The Christian Coalition – long associated with positions opposing abortion, the homosexual agenda and other domestic social issues – is taking on foreign policy at its annual Road To Victory convention in Washington this year.

Coinciding with the convention on Oct. 11, the group is sponsoring a “Christian Support for Israel” rally opposing the establishment of a Palestinian state.

Occurring at the Ellipse near the White House, the event expects to draw over 100,000 “Christian friends” of Israel. WorldNetDaily columnist Alan Keyes, Sen. James Inhofe, R-Okla., Rep. Tom Delay, R-Texas, Pat Robertson and WorldNetDaily columnist Jerry Falwell are a few of the invited speakers. Jewish leaders were not invited to speak at the gathering to show that it was Christians and not Jews behind the rally.

“They want to make this clear that this is serious Christians who support the Israelis’ war against Arab terror and that this is an unequivocal Christian rally. Christians are doing it because of their own interests, their own concerns, their own belief in the Bible and their own love for Israel,” said Morton Klein, president of the Zionist Organization of America.

“I think it is most appropriate, and I am very gratified that Christians are fighting for their Jewish brothers and sisters,” he said.

The Christian Coalition plans to ask for the U.S. Embassy to be moved to Jerusalem immediately and that Jerusalem remain the “undivided” capital of Israel. Calling Yasser Arafat and the Palestinian Authority “terrorists,” the organization doesn’t want the U.S. to enter into any negotiations with them and asks that the Bush administration let Israel fight its enemies as the U.S. is fighting its own.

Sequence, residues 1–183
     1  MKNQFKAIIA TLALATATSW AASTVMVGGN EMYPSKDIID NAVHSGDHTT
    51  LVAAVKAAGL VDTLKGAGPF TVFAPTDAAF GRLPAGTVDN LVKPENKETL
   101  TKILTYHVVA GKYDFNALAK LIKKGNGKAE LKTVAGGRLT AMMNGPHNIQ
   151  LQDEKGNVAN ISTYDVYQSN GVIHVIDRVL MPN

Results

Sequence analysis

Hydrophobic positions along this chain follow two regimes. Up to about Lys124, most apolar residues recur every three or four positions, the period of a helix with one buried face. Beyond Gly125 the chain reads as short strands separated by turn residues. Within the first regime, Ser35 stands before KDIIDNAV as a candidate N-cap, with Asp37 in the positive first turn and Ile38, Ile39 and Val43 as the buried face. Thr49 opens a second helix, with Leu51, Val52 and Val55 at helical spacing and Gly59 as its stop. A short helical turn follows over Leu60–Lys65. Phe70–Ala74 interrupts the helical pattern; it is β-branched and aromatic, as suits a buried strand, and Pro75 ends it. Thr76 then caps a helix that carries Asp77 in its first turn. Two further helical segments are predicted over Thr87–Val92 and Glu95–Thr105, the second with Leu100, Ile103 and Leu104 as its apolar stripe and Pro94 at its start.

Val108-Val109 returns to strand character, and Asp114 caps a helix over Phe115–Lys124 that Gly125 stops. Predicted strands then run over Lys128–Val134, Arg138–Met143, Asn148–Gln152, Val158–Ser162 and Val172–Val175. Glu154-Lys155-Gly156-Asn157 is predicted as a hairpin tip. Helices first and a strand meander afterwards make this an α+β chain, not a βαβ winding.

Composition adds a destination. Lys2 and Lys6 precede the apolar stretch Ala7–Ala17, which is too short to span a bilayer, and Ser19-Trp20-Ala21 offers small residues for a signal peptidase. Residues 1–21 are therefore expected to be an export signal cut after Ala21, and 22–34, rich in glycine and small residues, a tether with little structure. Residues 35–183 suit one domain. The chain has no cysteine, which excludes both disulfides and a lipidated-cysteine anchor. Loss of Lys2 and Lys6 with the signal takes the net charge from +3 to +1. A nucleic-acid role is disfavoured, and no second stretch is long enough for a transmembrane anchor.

Roberta Combs, president of the Christian Coalition, announced in a press release, “Israel cannot negotiate with terrorism. Terrorism cannot be rewarded with statehood. Now or in the future, a Palestinian state would sound the death knell of Israel.”

“This is real political muscle,” Herb Zweibon, chairman of Americans for a Safe Israel, said about the upcoming rally.

He says over 100,000 Jews assembled in Washington in April to urge support for Israel from the White House.

“The bottom line seemed to be no reaction from the administration. That will not be the case if the Christian Coalition delivers,” Zweibon said.

Since the Christian group played such an important part in Bush’s election, he says, Bush has to respond. They are his “basic constituency” and are the ones who’ll preserve his seat in the White House, he adds.

“I think [the rally] will have a great impact … on the way President Bush views the situation,” Klein told WND.

Another concern the Christian Coalition has and plans to address, Klein says, is how the Christians in Palestinian territories are being brutalized. He says Christians aren’t allowed to build churches or renovate their churches and are being harassed in jail simply because of their religion.

A spokesman for the Council on American Islamic Relations, who refused to identify himself, wouldn’t comment on the rally except to say, “It’s a free country; they can do what they want.”

The Christian Coalition said in a statement that it is “committed to Israel’s survival.” The organization does not believe Israel can survive if a Palestinian state is built.

“You can have a Palestinian state or you can have a Jewish state,” Combs stated. “You cannot have both.”

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